Features of this project will include voice-to-text messaging, a camera, GPS location and mapping, a calendar, reminders, and much much more. The team behind this project wants a technology that can be reached at your fingertips, whenever you want it, but also something that can be hidden, when you don’t. Babak Parviz, Steve Lee, and Sebastian Thrun, three employees from Google, working on this project wrote, “We think technology should work for you — to be there when you need it and get out of your way when you don’t. We’re sharing this information now because we want to start a conversation and learn from your valuable input.”

Although Google has a long way to go with this Project, they wanted to release their ideas to get consumer feedback on how to make this product even better than planned. To see the vision that Google has so far, view this video to understand how you could use Project Glass in your everyday life.

What are your thoughts? Do you think this is something that people could use on a day to day basis? How could Google make this idea better? Feel free to share your thoughts.

Are college student “ADDICTED” to social media?

By Kelsey Correia

A new study shows that college students describe their need for social media like a drug addicted talks about their need for drugs.  Some of the descriptions are withdrawals, cravings, anxiety, antsy, jittery and crazy if they are away from social media tools for too long.  The study conducted by University of Maryland researchers proves that students are reluctant to be without social media.  One student says “I clearly am addicted and the dependency is sickening,”

How was their study conducted?  Two hundred students at the University of Maryland College Park campus were asked to remove social media from their lives for 24 hours.  After this time elapsed, the students were asked to privately blog about their experience with no social media.  In the blog they were asked to mention where their strengths and weakness were.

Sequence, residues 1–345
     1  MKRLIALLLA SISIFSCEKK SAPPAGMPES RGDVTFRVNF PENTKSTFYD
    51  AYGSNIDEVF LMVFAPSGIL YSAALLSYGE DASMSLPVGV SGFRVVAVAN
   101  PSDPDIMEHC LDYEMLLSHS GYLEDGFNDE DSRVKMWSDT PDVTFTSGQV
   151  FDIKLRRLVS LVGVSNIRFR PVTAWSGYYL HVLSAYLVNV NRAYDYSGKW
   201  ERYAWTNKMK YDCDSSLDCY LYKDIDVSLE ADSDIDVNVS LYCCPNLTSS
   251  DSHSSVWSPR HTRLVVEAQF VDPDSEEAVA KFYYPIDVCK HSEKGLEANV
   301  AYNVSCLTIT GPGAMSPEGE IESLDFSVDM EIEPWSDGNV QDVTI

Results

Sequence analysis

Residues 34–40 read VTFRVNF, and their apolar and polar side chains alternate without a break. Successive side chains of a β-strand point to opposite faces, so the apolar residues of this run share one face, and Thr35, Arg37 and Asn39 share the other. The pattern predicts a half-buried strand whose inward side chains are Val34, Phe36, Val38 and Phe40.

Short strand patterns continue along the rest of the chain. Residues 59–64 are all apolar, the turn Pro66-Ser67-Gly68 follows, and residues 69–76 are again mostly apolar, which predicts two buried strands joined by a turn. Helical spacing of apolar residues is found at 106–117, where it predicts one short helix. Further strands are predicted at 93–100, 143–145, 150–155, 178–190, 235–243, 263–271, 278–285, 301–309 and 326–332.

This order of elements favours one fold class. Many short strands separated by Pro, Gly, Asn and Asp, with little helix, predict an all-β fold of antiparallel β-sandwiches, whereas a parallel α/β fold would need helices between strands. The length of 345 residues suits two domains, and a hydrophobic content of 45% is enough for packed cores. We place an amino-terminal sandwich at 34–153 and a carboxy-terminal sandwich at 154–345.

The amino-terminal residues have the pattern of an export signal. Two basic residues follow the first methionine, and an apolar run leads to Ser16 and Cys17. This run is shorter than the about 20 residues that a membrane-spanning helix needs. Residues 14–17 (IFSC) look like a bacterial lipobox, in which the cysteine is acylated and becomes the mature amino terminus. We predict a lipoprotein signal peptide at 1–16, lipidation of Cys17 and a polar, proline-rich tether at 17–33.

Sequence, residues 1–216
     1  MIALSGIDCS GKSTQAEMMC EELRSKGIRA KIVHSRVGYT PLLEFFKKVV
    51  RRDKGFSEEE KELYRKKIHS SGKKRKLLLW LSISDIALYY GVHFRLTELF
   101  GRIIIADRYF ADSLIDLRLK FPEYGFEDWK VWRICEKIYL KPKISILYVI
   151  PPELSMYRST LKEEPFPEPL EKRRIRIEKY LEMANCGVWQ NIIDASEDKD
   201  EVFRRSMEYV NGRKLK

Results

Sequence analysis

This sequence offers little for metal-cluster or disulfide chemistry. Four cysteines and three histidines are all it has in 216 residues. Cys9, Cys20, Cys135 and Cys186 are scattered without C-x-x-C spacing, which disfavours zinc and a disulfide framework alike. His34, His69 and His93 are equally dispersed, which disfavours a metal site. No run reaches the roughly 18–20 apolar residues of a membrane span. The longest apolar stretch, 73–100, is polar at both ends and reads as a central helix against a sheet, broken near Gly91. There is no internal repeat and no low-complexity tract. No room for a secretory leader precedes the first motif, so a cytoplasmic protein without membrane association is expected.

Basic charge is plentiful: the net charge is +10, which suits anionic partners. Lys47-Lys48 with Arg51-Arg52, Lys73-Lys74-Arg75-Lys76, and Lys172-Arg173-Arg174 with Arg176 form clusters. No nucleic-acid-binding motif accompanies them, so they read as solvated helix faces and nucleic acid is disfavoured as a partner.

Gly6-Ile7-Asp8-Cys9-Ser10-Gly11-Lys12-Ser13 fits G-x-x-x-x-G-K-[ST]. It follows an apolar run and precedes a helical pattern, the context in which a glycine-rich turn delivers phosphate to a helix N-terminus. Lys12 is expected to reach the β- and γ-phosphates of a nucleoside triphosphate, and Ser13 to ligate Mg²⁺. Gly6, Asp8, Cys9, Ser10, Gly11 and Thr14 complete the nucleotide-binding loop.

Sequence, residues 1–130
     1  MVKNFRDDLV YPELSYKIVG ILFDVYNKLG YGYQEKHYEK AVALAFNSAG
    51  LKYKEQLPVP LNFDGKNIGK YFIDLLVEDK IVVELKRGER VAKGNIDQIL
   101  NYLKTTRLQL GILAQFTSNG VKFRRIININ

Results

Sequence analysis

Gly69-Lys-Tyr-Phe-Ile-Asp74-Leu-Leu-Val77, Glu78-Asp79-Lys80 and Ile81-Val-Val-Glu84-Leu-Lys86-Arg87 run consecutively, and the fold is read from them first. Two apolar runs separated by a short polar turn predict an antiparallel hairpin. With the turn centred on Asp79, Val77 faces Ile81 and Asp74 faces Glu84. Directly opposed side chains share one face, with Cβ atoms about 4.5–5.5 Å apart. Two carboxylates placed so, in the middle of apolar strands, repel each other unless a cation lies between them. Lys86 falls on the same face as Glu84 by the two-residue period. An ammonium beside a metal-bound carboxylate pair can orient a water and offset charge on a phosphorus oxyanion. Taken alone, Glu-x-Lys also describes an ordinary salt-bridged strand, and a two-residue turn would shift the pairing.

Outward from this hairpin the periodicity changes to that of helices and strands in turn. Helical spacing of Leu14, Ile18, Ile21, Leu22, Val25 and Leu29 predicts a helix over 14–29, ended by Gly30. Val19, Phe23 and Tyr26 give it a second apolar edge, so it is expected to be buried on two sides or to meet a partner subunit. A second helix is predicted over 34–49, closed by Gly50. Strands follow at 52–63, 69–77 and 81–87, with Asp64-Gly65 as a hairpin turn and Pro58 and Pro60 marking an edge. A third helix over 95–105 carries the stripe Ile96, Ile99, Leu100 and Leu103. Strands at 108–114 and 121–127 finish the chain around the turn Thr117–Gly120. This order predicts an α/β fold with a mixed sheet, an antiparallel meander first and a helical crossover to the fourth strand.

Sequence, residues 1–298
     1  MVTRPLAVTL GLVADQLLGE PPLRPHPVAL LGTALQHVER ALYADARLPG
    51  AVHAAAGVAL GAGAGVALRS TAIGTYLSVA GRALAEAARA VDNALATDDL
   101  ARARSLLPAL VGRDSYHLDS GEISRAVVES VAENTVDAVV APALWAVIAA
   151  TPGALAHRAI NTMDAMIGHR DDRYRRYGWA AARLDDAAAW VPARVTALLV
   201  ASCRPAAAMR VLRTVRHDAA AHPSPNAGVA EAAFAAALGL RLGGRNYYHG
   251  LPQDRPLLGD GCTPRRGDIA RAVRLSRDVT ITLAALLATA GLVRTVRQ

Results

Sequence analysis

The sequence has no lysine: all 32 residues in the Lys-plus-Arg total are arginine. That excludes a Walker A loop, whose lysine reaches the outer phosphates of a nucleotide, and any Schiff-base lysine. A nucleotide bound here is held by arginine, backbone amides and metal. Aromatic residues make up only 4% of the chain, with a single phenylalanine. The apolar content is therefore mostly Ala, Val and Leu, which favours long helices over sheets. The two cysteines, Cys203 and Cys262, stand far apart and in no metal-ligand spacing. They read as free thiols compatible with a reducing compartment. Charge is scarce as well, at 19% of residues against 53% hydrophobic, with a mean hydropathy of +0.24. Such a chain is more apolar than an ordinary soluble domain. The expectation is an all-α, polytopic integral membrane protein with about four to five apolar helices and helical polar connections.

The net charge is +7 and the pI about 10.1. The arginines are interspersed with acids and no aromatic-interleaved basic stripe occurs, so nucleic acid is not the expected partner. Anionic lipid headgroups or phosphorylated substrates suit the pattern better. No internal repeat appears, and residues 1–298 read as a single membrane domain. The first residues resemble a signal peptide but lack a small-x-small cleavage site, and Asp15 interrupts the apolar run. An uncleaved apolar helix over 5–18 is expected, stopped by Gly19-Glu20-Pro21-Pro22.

Susan D. Moeller, a professor at the University, stated that “We were surprised by how many student admitted that they were ‘incredibly addicted’ to media,”  She also added “But we noticed that what they wrote at length about was how they hated losing their personal connections.  Going without media meant, in their world, going without their friends and family.”  After looking through all the blogs posted by these students, she concluded that students were not addicted to the social media but they were addicted to the connection that they had through these social sites.

One student said “Texting and IM-ing my friends gives me a constant feeling of comfort,” also adding “When I did not have those two luxuries, I felt quite alone and secluded from my life. Although I go to a school with thousands of students, the fact that I was not able to communicate with anyone via technology was almost unbearable.”

A very low number of students reported that they watch the new on television or read about the new in a local or national newspaper on a regular basis.  A Ph.D student and a former writer at The Washington Post, Raymond McCaffrey, said that students mentioned that they felt an enormous amount of anxiety when unable to be connected to social media.  McCaffrey concluded that students who use social media care about being updated with their friends and family but they also care about world new in general.  But in a larger picture they cared more about how fast they received information and the instant gratification they had from receiving the information.

Are you addicted to social media?  When your phone dies do you get anxiety that you are missing out on what your friends or family are doing?